This chapter deals with firms’ relationships in particular with political actors when expanding in emerging markets. Our main purpose is to illustrate the importance of including such relationships when describing how firms develop insidership in networks in these markets. Emerging markets are often described as if they pose similar challenges but we will focus on the heterogeneity and how firms handle the diversity of the non-business foreign environment. Based on experiences from three Western multinationals — Sandvik, Ericsson and ABB — the main challenges in China, South Africa and Turkey are described. In addition to relationships with political actors, the discussion indicates the importance of also including other non-business actors, such as NGOs. The cases also illustrate that knowledge acquired in one cultural setting may not easily be transferred to another since the contexts are so different.
The issue dealt with in this chapter is the role of management in developing and maintaining business relationships among companies. Interdependent business network…
The issue dealt with in this chapter is the role of management in developing and maintaining business relationships among companies. Interdependent business network structures result from interactions in dyads between single actors and interactions among all involved actors collectively. Managers as ‘architects and constructors’ of business relationships, involved directly in developing the relationships between customers and suppliers, are mostly middle-management positions rather than top management. Purchasing managers, sales managers and technical managers are fundamental for the development of business relationships as they create value in business relationships. Relationships between companies cannot be developed unilaterally; they have to be developed jointly. Since value creation requires involvement of others, motivating other actors and mediating are fundamental in developing relationships and creating value. The effective development of business relationships of value hinges on the capability and skills of management to work with and through others, to relate to others and to cope with interdependencies that arise in relationships. However, the capability of a company to interact and create value in business relationships is not simply a sum of individual managerial skills; it is an issue of organising the interfaces in relationships to other business.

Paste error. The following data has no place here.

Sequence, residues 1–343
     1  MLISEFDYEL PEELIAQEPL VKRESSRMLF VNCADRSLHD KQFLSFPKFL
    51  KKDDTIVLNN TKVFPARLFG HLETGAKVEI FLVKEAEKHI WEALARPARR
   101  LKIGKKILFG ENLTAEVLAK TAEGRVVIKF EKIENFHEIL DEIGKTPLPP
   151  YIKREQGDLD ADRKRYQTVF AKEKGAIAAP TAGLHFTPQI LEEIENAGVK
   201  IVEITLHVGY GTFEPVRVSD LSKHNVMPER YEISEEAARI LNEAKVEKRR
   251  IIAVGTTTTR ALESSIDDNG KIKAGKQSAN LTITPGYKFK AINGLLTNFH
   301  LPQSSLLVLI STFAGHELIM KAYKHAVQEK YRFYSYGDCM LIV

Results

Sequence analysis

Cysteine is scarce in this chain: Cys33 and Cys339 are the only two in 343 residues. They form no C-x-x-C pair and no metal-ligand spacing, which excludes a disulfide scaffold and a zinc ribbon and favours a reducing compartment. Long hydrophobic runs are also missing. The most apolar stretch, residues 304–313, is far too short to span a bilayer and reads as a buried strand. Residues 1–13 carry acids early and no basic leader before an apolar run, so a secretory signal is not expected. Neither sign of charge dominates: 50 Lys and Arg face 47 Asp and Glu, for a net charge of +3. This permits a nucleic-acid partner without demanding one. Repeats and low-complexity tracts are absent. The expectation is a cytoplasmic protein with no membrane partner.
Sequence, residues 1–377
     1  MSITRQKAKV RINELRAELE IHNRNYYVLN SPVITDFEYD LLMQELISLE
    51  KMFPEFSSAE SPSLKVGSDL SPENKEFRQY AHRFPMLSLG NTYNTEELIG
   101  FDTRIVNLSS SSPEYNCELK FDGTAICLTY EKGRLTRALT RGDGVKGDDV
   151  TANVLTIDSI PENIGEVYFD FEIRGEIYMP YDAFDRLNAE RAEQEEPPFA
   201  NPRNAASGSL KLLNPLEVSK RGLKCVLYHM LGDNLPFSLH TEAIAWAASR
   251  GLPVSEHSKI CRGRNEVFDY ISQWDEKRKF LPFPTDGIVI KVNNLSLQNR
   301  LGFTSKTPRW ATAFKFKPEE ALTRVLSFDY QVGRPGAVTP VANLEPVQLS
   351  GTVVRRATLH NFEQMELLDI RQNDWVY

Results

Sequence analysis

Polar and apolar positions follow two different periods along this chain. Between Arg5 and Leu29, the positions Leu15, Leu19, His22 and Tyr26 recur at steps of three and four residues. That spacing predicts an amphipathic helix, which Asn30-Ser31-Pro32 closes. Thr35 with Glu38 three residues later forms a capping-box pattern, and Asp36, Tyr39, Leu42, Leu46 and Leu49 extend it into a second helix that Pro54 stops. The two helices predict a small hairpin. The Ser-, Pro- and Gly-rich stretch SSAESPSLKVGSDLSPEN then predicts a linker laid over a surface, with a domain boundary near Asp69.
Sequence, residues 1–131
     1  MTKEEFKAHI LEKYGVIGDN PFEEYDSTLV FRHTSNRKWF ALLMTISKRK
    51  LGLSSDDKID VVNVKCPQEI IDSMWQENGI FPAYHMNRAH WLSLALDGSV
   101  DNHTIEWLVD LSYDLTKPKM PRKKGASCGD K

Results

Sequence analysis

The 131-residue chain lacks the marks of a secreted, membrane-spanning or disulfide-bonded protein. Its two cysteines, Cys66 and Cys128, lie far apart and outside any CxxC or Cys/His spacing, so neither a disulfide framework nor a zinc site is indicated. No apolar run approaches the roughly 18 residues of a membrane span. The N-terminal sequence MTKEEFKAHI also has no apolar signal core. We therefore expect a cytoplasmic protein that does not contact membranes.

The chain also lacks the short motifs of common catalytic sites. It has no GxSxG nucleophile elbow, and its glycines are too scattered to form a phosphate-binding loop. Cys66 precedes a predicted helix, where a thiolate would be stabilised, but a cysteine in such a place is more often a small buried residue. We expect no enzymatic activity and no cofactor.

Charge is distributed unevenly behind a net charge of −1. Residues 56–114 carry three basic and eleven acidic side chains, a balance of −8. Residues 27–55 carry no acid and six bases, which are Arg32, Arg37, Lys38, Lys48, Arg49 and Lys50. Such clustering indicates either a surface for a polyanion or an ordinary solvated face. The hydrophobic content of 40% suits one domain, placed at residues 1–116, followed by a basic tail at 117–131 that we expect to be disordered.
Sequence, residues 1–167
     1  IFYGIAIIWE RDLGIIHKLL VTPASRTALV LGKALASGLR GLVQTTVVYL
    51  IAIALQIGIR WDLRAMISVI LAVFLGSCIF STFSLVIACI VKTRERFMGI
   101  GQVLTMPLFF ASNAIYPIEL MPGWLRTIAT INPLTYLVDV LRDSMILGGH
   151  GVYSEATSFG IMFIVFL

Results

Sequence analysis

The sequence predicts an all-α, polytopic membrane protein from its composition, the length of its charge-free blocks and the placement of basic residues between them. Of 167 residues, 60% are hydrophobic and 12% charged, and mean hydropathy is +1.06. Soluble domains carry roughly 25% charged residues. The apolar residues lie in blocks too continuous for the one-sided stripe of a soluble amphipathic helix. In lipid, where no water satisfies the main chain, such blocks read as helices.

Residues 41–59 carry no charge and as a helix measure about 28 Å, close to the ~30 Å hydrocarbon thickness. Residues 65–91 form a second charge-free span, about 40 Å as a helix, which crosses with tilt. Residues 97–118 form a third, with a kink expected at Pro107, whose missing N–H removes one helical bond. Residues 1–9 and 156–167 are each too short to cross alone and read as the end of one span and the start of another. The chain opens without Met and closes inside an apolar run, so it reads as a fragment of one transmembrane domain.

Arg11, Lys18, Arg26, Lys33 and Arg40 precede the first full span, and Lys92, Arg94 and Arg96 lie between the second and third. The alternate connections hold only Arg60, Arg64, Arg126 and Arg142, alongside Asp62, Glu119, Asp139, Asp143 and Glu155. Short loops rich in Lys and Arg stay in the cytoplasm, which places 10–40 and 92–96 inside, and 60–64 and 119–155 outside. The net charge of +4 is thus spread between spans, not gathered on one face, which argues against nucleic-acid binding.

This study provides a comprehensive framework of adaptation in triadic business relationship settings in the service sector. The framework is based on the industrial…
This study provides a comprehensive framework of adaptation in triadic business relationship settings in the service sector. The framework is based on the industrial network approach (see, e.g., Axelsson & Easton, 1992; Håkansson & Snehota, 1995a). The study describes how adaptations initiate, how they progress, and what the outcomes of these adaptations are. Furthermore, the framework takes into account how adaptations spread in triadic relationship settings. The empirical context is corporate travel management, which is a chain of activities where an industrial enterprise, and its preferred travel agency and service supplier partners combine their resources. The scientific philosophy, on which the knowledge creation is based, is realist ontology. Epistemologically, the study relies on constructionist processes and interpretation. Case studies with in-depth interviews are the main source of data.